Why Yes, My Publisher DID Make Me A Better Writer (part II)

Pic_laptop_writerA few months ago, shortly after my first experience working with a real editor from a real publisher, I wrote a blog post about the experience. It was (aptly) called Crazy Ideas Like… My Publisher Made Me A Better Writer. If you’re curious, the post is here.  That particular post, by far, has had the most views of anything else on my website. Which I figure means, people enjoyed it. And since time is running out and I have a deadline, I figured… Why not bring you Crazy Ideas… Part II.

If you’re worried, relax. While it certainly can’t hurt to read Crazy Ideas Part I (and heck, I’d love it if you checked out my author website), each can be read as a stand alone. Now, let’s talk editing….

 

  1. Gazes travel, eyes don’t.

EyesA gaze can travel, it can shift to the side, it can even sweep the room. But eyes, well, they’re just green with gold flecks or brown like molten chocolate or (if you’re writing paranormal) they shift and swirl like liquid mercury. And they do all of this from the safety of your face, without ever going anywhere.

 

  1. It’s okay to use he/she.

Dan said this. Dan did that. Dan screamed. Dan cried. Dan ran. Dan found his happily ever after. Dan did all of this with Sheila. Are you sick of Dan yet? My editor was, during first round edits of Naked Truth. Actually, it was Jack she was sick of, because I was afraid to use “he,” especially in scenes and conversations involving Jack and his FBI partner, Cullen. Don’t be like me. Don’t be afraid. Use he/she fluently. Your readers will appreciate it. And so will your editor.

 

  1. Make sure the participants are undressed before they have sex.

I’m not talking about the strappy red heels. By all means, leave those on. I’m talking about the jeans, and the undergarments. Think about that last sex scene you wrote. They kissed. A hand stroked a back. She took off his shirt. He unbuttoned hers, unclasped her bra. Things were getting seriously hot and heavy. And then suddenly, they’re having sex.

But I could have sworn when they started, she was wearing a skirt, which truthfully, could be forgiven. What romance novel heroine hasn’t had sex while still wearing her skirt? But his jeans? I’ve never met a pair that allowed a man to have sex unless they were at the very least unsnapped and unzipped. (And as an aside, if, when they’re done, he disposes of a condom, you sure as hell better make sure he puts it on in the first place. Or she does. Your readers won’t be picky. Just as long as someone does.)Pants around ankles

Go ahead, give us every detail. Keep going. I know you’re getting hot and bothered, but that’s why you’re writing it, isn’t it? Trust me, your readers will appreciate it. So will their partners. So will the guy in your sex scene, because, really, having sex with your jeans up around your waist just seems uncomfortable.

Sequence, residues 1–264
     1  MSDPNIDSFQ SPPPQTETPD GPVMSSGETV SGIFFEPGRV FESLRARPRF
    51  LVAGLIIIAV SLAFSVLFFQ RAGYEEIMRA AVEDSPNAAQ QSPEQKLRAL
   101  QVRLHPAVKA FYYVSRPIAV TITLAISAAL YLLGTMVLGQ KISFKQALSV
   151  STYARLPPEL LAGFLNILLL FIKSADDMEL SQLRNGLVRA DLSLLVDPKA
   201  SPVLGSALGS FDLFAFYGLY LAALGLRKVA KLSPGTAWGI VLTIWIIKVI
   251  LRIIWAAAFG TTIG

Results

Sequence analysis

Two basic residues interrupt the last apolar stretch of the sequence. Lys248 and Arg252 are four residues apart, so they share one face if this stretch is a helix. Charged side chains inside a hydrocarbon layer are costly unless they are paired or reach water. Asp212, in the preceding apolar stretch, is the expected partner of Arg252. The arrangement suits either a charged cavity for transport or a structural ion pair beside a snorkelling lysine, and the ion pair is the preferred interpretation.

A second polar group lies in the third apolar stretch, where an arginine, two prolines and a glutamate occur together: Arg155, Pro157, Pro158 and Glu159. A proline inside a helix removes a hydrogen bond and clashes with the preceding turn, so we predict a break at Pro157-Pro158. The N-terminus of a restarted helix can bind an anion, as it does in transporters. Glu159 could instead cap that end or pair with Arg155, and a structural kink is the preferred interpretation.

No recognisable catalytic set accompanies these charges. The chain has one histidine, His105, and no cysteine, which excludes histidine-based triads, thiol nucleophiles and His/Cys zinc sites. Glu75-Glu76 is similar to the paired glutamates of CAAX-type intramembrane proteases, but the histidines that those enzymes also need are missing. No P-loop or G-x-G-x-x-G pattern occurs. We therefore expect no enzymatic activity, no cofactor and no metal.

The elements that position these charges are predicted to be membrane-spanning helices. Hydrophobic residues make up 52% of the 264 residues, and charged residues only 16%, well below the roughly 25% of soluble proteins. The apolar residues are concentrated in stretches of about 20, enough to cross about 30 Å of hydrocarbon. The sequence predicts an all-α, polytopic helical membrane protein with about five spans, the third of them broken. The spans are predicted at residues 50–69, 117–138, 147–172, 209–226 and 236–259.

1. Make sure your characters are still in the same location at the end of a long scene.

If our hero is seated at the dining room table when he starts talking, and then at the end of the conversation he’s lounging in the living room, you need to explain the shift in scenery at some point, or else you’ll confuse your readers. They’ll re-read the scene a couple times, just to make sure they read it right. They might get annoyed, or frustrated. And if you make this mistake more than once, it will show up in reviews, and you’ll never, ever be able to delete those reviews, even if you go back and edit the book (assuming it’s an e-book) and re-upload it. I know you’re picturing the scene in your head. Write down exactly what you’re thinking. Don’t skimp. Readers like details, such as the fact that Joe wandered from the kitchen into the living room and flopped onto the recliner. Give them what they want, and they’ll thank you in their reviews.

 

  1. –ly is meant to be used sparingly. (Yes, that was on purpose.) 

The stone sank quickly. Is “quickly” really necessary in that sentence? Isn’t it implied? Wouldn’t those extra words be put to better use undressing your hunky hero? Sometimes, less is enough. Often, when using adverbs, this is the case. Recognize the words, and delete them when you start self-editing. Now, go back and re-read and then agree with me: Less is enough.

 

  6.  For the love of my personal sanity, know the difference between “your” and “you’re.”

your-grammatical-love-storyI know you know this one, but I feel inclined to include it anyway. This is my singularly biggest pet peeve. Ask anyone in my family. They deliberately send me text messages with this word used improperly because they know it is like nails on a chalkboard to me and for some reason they are all a bunch of sadist freaks. Do not ruin that scene by leaving out the apostrophe and that extra e. Go ahead and turn on grammar check in that Word document. It’s annoying as hell, but it will catch the misuse of your. Which, in my opinion, is worth the annoyance.

 

Like this post? There will be another, tomorrow. The #writingwenches are generous. We like to share, often. Be sure to check back again soon. In fact, you should bookmark this page. And follow our hashtag on Twitter!

 

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